Anita Cajero is a full blooded Native American Indian.
She was born in 1965 into the Jemez Pueblo, she is a member of the Sun
Clan. Anita began experimenting with clay at the age of 3, she learned
all the fundamentals of working with natural pigments and slips from
her family members and friends. Anita graduated with a BA from New Mexico
Highlands University in 1983.
Anita specializes in hand sculpted and hand painted clay figurines,
and traditional hand coiled pottery. She gathers her natural materials
from within the Jemez Pueblo. Once her materials are harvested Anita
breaks down the clumps of clay and temper, then, she mixes them together
to begin the process of constructing her beautiful storytellers and
fine pottery. She uses the pinch and coil method to build her figurines
a similar technique to hand coiling. Once her figurine has been formed
she allows the piece to dry. Once it has dried Anita uses a piece of
sand paper to smooth out the rough edges. Finally, she is ready to hand
paint using a stem of a yucca plant which is fashioned into a brush.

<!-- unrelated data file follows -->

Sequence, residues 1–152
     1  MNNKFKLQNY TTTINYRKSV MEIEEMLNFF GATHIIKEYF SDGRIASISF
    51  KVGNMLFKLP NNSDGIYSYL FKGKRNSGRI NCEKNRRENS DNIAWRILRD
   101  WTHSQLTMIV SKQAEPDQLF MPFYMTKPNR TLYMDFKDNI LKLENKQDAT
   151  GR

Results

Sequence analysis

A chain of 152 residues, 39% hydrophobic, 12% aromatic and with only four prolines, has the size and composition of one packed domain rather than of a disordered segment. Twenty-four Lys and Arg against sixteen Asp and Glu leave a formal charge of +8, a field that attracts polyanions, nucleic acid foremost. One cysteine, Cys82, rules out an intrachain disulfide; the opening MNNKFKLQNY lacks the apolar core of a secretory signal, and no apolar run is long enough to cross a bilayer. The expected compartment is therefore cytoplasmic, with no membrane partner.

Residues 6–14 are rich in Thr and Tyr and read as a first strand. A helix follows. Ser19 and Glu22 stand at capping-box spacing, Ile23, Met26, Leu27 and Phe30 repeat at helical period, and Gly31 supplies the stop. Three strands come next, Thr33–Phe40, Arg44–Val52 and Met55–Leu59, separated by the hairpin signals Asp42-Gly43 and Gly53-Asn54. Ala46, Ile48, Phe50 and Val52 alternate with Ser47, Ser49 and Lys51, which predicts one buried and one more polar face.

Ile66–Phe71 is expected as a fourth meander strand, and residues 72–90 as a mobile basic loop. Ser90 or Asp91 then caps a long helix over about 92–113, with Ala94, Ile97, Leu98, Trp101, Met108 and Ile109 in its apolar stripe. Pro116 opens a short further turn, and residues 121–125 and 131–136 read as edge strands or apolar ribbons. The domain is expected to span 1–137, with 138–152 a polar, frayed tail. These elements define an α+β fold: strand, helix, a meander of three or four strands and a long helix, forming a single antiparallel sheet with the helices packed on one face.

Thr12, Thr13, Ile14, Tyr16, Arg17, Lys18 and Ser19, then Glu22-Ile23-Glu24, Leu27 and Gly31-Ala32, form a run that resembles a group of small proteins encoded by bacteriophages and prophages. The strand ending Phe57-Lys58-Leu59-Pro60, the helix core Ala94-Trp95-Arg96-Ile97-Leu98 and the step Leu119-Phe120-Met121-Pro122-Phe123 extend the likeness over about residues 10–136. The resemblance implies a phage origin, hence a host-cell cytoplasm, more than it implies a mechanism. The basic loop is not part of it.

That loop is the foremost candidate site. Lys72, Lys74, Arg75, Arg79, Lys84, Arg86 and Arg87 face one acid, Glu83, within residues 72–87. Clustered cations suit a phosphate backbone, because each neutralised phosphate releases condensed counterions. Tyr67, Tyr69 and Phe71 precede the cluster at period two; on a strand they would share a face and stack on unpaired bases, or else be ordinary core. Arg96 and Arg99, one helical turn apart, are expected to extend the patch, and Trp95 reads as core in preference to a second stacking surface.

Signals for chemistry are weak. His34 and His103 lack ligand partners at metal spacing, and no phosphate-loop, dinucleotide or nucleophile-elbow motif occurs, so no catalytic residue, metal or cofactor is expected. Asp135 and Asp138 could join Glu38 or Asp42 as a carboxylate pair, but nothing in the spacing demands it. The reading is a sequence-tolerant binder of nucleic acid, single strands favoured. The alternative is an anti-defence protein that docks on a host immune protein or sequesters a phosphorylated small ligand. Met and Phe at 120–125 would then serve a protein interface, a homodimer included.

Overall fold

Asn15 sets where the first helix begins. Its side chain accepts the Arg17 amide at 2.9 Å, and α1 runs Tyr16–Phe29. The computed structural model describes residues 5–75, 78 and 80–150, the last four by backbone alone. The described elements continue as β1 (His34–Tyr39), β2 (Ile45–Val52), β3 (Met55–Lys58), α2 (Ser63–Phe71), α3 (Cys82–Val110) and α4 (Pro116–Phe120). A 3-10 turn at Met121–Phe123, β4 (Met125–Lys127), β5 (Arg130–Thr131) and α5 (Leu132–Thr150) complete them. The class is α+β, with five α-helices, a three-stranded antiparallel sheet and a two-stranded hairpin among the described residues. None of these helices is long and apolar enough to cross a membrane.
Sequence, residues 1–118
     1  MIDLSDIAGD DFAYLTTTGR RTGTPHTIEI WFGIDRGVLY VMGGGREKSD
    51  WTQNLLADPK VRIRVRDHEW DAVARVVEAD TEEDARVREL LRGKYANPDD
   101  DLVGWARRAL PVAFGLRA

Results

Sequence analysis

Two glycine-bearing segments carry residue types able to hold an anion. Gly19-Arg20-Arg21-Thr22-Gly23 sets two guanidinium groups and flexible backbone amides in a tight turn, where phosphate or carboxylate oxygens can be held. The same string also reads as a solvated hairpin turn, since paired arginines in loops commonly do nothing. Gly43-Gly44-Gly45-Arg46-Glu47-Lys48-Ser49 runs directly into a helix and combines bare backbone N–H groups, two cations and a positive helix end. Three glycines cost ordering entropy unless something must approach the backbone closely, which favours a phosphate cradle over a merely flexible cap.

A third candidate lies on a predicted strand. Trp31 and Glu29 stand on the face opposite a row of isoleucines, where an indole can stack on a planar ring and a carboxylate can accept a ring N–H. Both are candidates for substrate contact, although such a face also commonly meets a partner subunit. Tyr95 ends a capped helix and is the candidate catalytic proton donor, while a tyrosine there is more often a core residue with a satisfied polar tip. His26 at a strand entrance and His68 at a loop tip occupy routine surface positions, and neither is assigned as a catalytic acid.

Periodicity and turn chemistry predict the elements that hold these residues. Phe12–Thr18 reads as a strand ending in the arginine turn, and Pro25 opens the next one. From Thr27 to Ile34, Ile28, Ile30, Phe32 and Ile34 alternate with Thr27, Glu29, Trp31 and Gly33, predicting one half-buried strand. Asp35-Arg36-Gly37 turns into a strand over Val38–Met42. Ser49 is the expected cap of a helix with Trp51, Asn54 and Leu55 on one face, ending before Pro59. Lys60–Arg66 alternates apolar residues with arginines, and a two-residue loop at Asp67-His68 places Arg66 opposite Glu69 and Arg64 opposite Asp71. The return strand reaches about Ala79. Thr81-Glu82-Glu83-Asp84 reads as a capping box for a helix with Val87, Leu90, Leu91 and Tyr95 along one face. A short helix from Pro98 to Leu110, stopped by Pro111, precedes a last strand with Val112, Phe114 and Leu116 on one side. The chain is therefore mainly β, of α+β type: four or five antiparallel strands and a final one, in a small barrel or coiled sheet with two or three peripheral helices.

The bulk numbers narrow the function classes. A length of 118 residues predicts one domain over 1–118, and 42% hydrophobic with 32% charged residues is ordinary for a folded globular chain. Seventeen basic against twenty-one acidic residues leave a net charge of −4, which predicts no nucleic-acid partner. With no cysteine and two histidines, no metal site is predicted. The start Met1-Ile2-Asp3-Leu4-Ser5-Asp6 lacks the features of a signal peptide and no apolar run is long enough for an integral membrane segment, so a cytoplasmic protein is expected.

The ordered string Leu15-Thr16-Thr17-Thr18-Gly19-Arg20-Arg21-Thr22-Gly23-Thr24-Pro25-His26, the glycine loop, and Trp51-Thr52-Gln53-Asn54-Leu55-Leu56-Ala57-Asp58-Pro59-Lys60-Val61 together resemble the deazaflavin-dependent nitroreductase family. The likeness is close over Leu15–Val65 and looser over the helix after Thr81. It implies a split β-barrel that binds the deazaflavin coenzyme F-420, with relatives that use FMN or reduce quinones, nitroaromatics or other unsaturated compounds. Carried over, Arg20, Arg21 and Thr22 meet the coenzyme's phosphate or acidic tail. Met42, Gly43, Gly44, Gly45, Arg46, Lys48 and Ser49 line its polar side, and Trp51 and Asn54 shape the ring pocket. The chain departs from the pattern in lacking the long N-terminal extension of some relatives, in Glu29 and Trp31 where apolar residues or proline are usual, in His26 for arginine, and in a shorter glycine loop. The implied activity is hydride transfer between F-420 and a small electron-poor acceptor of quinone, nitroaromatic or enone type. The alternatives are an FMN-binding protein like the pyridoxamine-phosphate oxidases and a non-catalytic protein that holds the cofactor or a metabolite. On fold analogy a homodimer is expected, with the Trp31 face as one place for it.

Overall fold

When she is done with the painting she fires her pottery either the
traditional way, outdoors, or in a kiln.
Anita enjoys making clay figurines because it is a
way to express the Pueblo Culture. She signs her art as: Anita Cajero,
Jemez. She is related to John Carrillo (father), Teresita Loretto (mother),
Aaron Cajero, Sr. (spouse), Julie Loretto, Felicia Loretto (sisters),
Leonora Loretto (grandmother), Esther Cajero (mother-in-law), Teri Cajero
(daughter), and Aaron Cajero, Jr. (son).
-Eighth Northern Pueblo Indian Market
-Santa Fe Indian Market
-Southern Pueblo Pottery 2,000 Artist Biographies
-Pueblo and Navajo Contemporary Pottery
-Directory of Artists
-Storytellers and Other Figurative Pottery